The son of Muzio Sforza, Francesco was originally a mercenary leader, most famous for being able to bend metal bars with his bare hands. He later proved himself to be an expert tactician and very skilled field commander. He saved the Visconti rulers of Milan from ruin on a number of occasions. As a reward, the then duke of Milan, Filippo Maria Visconti, allowed Francesco to marry his daughter Bianca, but after the duke died without a male heir, fighting broke out. During this time, Franscesco turned against the Visconti, and seized control of Milan and its possessions.
Under his rule (which was moderate and skillful), Francesco modernized the city of Milan. He created an efficient tax system that generated enormous revenues for the government, his court became a center of Renaissance learning and culture, and the people of Milan loved him.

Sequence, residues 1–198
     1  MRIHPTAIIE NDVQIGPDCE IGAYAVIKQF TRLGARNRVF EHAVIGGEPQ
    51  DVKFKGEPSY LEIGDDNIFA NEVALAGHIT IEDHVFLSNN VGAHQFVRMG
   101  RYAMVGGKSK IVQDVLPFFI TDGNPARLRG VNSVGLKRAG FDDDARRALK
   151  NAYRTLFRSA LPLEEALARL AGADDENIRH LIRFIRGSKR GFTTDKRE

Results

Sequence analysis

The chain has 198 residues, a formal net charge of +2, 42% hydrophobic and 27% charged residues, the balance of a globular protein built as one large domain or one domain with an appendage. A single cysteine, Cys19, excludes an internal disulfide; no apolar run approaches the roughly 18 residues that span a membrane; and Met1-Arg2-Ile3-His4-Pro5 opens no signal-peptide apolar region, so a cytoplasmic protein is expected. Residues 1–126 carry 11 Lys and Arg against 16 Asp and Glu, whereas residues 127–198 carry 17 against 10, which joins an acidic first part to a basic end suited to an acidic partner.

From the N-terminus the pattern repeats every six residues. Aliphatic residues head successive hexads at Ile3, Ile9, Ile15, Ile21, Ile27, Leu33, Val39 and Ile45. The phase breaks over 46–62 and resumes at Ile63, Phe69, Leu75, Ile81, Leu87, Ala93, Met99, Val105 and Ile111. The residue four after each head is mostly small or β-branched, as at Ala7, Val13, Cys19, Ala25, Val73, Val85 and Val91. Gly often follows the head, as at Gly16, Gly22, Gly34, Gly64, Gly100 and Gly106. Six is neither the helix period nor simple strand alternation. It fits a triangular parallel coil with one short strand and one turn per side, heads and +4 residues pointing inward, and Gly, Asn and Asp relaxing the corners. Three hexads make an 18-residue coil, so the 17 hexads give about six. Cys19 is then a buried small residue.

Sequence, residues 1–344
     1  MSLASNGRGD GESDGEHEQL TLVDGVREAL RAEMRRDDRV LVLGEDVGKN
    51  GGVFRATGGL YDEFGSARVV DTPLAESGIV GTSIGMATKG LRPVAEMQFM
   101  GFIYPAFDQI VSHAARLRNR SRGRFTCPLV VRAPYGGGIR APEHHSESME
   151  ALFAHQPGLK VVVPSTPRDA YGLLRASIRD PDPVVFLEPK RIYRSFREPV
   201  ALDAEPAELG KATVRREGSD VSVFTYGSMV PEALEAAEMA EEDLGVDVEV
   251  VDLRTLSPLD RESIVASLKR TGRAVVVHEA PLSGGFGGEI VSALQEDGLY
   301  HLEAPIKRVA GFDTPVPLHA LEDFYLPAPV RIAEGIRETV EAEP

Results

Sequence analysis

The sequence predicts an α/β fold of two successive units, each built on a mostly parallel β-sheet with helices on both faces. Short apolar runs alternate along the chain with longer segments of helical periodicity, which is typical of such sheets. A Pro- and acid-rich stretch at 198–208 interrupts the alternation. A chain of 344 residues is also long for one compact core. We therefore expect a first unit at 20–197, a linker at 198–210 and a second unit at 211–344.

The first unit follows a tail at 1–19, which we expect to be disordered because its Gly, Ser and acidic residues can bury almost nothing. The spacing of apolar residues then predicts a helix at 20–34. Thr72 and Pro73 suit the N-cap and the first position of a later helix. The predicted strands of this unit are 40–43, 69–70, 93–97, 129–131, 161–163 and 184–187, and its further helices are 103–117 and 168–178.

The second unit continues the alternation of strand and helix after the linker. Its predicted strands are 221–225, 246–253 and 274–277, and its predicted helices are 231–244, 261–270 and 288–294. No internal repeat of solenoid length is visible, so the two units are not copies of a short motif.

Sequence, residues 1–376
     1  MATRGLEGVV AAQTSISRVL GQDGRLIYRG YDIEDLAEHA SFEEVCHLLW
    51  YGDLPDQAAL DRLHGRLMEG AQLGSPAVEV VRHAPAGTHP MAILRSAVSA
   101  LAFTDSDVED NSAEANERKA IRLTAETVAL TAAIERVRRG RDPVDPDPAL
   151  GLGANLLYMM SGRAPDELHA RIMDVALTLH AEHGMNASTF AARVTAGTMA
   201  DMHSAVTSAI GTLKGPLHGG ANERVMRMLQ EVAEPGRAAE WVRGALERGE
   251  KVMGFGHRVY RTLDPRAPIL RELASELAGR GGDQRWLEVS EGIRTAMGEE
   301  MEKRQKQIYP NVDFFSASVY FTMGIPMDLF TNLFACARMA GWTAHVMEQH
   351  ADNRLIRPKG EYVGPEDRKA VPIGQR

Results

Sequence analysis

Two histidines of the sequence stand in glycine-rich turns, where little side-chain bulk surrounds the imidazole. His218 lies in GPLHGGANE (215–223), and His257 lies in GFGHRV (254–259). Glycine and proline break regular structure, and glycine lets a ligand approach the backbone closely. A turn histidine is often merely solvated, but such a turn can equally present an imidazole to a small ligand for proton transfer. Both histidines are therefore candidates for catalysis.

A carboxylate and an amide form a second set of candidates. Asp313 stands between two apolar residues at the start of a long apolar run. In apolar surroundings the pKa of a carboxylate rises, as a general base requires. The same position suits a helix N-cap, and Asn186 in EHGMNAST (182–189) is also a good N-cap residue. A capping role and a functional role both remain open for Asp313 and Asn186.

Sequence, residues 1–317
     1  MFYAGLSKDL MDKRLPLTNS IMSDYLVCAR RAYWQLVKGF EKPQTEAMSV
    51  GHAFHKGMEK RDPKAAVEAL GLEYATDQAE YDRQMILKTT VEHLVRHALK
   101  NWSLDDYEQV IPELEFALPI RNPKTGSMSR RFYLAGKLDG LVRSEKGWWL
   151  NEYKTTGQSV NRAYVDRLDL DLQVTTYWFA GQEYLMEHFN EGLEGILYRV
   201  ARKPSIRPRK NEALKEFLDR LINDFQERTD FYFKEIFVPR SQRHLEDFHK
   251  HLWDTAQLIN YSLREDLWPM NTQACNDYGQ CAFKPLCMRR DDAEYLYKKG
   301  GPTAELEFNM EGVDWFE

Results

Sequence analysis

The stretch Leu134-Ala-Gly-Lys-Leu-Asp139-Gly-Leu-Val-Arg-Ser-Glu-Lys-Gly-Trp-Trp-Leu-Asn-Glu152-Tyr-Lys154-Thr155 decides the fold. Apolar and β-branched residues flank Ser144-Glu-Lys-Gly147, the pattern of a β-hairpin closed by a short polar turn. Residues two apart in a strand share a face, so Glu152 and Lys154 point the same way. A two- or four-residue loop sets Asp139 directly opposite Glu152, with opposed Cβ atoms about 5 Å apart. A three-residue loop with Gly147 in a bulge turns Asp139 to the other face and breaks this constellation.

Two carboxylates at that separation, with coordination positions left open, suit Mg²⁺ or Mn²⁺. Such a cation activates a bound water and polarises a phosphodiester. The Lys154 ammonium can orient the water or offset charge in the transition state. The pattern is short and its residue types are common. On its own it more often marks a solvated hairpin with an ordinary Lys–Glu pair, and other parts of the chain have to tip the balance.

During Sforza's reign over Milan, Florence was under the command of Cosimo de Medici and the two enlightened rulers became close friends. This friendship eventually manifested in the Peace of Lodi, an alliance between Florence and Milan that succeeded in stabilising almost all of Italy for its duration.
Francesco is mentioned several times in Machiavelli's book The Prince, he is generally praised in that work for his ability to hold his country and as a warning to a prince not to use mercenary troops.
Regretably Francesco's successors were not nearly as competent, a number of them being dangerously unbalanced individuals.